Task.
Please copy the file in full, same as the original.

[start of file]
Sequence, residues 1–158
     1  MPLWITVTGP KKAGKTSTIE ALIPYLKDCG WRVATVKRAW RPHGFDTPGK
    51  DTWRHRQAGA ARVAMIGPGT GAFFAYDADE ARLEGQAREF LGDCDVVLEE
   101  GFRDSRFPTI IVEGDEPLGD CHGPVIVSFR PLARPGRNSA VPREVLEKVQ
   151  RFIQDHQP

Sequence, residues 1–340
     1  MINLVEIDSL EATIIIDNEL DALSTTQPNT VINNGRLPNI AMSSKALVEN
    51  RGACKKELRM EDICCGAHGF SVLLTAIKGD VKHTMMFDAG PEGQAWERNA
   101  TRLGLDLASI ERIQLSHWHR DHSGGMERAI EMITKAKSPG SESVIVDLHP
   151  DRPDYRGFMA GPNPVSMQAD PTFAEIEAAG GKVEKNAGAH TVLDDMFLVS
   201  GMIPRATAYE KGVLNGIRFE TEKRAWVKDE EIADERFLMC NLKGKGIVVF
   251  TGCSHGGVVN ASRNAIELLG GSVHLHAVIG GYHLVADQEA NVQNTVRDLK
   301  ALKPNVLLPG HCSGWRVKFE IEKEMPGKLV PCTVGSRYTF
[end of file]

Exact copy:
Sequence, residues 1–158
     1  MPLWITVTGP KKAGKTSTIE ALIPYLKDCG WRVATVKRAW RPHGFDTPGK
    51  DTWRHRQAGA ARVAMIGPGT GAFFAYDADE ARLEGQAREF LGDCDVVLEE
   101  GFRDSRFPTI IVEGDEPLGD CHGPVIVSFR PLARPGRNSA VPREVLEKVQ
   151  RFIQDHQP

Sequence, residues 1–340
     1  MINLVEIDSL EATIIIDNEL DALSTTQPNT VINNGRLPNI AMSSKALVEN
    51  RGACKKELRM EDICCGAHGF SVLLTAIKGD VKHTMMFDAG PEGQAWERNA
   101  TRLGLDLASI ERIQLSHWHR DHSGGMERAI EMITKAKSPG SESVIVDLHP
   151  DRPDYRGFMA GPNPVSMQAD PTFAEIEAAG GKVEKNAGAH TVLDDMFLVS
   201  GMIPRATAYE KGVLNGIRFE TEKRAWVKDE EIADERFLMC NLKGKGIVVF
   251  TGCSHGGVVN ASRNAIELLG GSVHLHAVIG GYHLVADQEA NVQNTVRDLK
   301  ALKPNVLLPG HCSGWRVKFE IEKEMPGKLV PCTVGSRYTF